The bill calls for a grant program to support packaging reuse and reduction efforts, including the expansion of reuse and refill programs for items such as household cleaners, bulk food products and beverages. It also tasks the U.S. EPA with creating a publicly available feasibility report detailing best practices for reusable and refillable container options for sectors such as retail goods and meal delivery. It also calls for a pilot program to help remove and mitigate microplastics in the environment.
Other source reduction elements include tasking federal agencies to study the effects of derelict fishing gear and microfiber pollution, and requiring mandatory filtration standards for clothes washers in an effort to reduce microplastics.
The Break Free bill also contains other major plastics-related restrictions targeting the "plastics trifecta," said Judith Enck, former EPA regional administrator and president of the nonprofit Beyond Plastics.
Single-use plastic carryout bags would be banned, with fines imposed for establishments that offer them after Jan. 1, 2023, along with expanded polystyrene used for food service products, and consumer coolers and shipping materials such as "those dreadful packaging peanuts," she said. Single-use bottles for personal care items like shampoo and other hotel toiletries and "non-compostable" produce stickers would also be banned, according to the bill.
The bill discourages establishments from offering plastic straws and utensils, but would allow them to be available upon request. This not only helps reduce plastic use, "it saves businesses money," Enck said.
Also returning from last year’s bill is a requirement that packaging producers take responsibility for collecting and recycling materials. They would be encouraged to join producer responsibility organizations (PROs) with makers of like products. PROs would be required to develop their own product stewardship plans by Feb. 1, 2023, to be approved by the EPA every five years.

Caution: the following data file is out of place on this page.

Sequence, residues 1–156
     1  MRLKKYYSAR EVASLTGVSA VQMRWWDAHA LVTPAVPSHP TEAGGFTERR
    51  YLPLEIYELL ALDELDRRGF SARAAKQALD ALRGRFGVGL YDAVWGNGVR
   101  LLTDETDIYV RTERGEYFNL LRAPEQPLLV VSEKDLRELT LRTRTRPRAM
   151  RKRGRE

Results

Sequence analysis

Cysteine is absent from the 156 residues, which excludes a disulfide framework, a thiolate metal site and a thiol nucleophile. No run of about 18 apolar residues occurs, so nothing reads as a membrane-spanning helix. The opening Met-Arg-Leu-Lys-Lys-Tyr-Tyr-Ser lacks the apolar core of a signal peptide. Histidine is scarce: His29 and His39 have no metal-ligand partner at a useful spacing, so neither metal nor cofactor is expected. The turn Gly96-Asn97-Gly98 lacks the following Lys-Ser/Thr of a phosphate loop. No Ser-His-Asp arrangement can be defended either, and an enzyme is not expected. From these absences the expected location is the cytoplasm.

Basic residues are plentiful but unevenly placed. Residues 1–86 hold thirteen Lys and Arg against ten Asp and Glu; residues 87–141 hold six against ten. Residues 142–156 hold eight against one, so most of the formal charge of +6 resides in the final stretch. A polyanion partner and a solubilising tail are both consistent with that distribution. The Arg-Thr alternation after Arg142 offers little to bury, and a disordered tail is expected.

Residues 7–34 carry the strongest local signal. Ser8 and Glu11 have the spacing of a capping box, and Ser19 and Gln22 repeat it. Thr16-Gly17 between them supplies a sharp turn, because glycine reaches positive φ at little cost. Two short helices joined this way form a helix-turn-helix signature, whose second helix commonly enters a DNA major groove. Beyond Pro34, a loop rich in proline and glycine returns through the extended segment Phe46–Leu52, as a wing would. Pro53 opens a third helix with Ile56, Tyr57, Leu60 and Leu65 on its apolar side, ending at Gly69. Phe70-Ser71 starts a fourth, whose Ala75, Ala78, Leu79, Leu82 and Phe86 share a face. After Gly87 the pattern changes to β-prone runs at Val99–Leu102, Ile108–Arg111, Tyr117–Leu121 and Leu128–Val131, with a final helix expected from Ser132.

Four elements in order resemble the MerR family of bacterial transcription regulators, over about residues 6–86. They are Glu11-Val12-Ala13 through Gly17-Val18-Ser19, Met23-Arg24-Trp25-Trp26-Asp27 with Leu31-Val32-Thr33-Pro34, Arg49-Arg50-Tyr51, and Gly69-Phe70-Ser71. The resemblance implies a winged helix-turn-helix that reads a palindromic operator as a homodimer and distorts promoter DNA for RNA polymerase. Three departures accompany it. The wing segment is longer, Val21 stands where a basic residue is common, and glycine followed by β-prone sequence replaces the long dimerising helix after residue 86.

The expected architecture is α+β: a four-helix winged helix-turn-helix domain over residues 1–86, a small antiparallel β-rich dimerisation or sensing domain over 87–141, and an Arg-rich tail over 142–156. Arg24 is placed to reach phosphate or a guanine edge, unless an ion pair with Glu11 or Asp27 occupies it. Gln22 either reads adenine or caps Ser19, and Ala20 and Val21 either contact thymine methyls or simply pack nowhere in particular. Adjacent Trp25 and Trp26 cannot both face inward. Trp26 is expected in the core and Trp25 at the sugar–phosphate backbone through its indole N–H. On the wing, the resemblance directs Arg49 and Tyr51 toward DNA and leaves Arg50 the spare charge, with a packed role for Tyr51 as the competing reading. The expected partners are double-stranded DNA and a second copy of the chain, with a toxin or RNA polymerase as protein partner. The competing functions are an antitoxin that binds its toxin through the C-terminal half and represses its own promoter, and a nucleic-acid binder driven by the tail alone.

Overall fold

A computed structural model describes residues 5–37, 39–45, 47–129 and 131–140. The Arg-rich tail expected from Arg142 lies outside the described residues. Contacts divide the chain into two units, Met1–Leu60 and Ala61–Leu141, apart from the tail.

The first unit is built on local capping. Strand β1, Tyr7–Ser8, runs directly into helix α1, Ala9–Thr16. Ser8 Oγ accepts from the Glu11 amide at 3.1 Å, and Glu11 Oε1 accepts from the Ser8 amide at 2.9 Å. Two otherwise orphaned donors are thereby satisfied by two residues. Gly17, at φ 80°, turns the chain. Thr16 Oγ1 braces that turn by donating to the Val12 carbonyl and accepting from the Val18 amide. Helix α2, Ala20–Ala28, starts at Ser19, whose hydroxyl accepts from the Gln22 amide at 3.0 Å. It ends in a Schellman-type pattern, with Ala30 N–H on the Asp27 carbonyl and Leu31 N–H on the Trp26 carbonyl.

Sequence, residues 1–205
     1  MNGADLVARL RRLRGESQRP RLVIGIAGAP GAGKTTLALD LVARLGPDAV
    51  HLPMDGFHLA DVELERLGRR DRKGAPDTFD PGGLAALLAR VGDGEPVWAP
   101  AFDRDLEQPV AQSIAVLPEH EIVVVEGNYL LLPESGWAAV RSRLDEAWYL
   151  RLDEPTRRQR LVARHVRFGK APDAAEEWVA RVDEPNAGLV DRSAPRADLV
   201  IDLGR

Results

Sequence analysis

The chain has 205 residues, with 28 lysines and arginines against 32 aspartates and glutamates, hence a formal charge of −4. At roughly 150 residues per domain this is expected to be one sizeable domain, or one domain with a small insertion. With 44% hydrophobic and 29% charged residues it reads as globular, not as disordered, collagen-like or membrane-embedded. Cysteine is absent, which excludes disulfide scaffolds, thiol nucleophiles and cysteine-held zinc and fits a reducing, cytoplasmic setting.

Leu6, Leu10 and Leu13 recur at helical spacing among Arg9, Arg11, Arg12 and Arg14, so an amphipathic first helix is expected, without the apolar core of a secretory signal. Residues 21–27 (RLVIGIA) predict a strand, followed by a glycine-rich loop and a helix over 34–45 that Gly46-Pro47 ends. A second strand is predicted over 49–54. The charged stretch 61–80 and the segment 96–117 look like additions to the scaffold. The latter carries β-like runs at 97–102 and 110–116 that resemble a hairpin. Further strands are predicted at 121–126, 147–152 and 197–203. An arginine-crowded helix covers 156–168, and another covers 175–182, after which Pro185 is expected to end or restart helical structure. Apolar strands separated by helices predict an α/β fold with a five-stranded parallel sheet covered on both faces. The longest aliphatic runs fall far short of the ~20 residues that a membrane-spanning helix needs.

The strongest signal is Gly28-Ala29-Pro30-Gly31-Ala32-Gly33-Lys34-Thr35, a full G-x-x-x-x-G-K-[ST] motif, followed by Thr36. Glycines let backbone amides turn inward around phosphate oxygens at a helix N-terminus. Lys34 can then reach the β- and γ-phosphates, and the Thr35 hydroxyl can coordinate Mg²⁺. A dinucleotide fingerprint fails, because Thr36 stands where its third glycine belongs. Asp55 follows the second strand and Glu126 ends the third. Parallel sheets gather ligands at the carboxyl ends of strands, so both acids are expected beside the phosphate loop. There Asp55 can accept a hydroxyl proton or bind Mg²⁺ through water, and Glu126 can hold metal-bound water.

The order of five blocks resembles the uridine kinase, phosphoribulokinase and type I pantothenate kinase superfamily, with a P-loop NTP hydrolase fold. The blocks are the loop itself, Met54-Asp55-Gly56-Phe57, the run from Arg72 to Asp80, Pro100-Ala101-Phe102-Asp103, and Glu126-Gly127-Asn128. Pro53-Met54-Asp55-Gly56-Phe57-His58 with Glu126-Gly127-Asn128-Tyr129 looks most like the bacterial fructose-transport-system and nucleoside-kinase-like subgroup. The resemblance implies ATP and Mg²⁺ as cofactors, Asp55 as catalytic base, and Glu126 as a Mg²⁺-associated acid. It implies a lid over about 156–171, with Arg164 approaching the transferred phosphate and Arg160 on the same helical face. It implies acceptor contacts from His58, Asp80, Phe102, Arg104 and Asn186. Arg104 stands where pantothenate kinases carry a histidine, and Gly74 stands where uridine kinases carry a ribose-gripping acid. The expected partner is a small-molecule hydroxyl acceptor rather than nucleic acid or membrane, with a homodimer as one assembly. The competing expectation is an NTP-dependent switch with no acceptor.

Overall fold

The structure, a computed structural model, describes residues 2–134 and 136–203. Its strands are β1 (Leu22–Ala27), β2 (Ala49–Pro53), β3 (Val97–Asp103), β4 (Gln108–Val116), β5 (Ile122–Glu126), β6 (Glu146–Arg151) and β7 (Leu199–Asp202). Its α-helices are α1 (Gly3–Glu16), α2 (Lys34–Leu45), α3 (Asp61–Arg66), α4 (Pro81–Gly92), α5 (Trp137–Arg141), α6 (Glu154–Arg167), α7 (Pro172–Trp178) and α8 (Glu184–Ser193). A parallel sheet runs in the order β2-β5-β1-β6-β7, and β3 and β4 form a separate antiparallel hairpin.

Those plans would need to meet required performance targets, such as 65% reused or recycled content minimums for all covered products (except paper) by Dec. 31, 2027, and 75% recycling rates for beverage containers and paper by the same time. By 2032, PROs would need to reuse or recycle 90% of paper and beverage containers, and 80% of most other covered products.
The bill also calls for makers of plastic beverage containers to meet a minimum post-consumer recycled (PCR) content threshold that would increase over time. Levels would start at 25% PCR in 2025 and build up to 80% by 2040. It would also introduce a 10-cent refund for all beverage containers, regardless of material. States with similar container deposit systems could maintain them if they meet federal standards.
The EPA would also be directed to create standardized recycling labels for products, with covered products and beverage containers not allowed to include the “chasing arrows” symbol if the product is not easily recyclable. Additionally, the bill calls for a national, standardized labeling system for trash and recycling bins.
The Break Free bill is one of many recycling-related bills introduced or coming soon in Congress. It's unclear how this or other bills will fare this year as lawmakers face a crowded schedule, even as the Biden administration supports environmental and climate change priorities.